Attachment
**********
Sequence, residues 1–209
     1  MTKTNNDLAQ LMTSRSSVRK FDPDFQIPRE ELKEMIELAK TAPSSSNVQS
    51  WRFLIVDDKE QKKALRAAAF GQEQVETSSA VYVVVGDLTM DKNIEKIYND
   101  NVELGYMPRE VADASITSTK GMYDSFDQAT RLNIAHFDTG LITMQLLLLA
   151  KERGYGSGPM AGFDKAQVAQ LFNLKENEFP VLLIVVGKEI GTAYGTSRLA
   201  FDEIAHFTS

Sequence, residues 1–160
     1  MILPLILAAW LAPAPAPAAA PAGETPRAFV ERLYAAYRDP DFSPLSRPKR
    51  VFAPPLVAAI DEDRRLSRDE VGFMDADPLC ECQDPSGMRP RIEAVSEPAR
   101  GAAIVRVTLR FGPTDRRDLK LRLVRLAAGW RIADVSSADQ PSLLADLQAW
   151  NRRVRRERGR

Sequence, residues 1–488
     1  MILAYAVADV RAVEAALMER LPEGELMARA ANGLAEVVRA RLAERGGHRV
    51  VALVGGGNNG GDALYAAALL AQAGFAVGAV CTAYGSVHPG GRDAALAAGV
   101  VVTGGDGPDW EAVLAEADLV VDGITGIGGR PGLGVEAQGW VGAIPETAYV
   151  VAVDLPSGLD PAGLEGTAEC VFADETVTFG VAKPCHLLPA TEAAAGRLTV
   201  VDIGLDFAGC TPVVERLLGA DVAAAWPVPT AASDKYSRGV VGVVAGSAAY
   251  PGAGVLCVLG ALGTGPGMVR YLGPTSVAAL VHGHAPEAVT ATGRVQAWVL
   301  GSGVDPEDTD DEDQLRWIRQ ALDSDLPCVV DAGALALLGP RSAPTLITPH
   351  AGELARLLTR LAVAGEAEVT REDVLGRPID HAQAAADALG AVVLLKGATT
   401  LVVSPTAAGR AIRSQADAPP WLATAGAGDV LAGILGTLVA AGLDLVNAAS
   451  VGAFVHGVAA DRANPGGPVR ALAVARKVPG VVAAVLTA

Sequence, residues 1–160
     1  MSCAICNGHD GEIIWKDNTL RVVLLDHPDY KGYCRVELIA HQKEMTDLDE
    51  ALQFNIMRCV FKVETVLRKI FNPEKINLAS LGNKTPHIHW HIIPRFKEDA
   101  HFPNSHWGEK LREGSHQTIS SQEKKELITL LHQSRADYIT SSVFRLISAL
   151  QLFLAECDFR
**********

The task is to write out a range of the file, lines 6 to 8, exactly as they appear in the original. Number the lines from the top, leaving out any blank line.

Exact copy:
   201  FDEIAHFTS

Sequence, residues 1–160
     1  MILPLILAAW LAPAPAPAAA PAGETPRAFV ERLYAAYRDP DFSPLSRPKR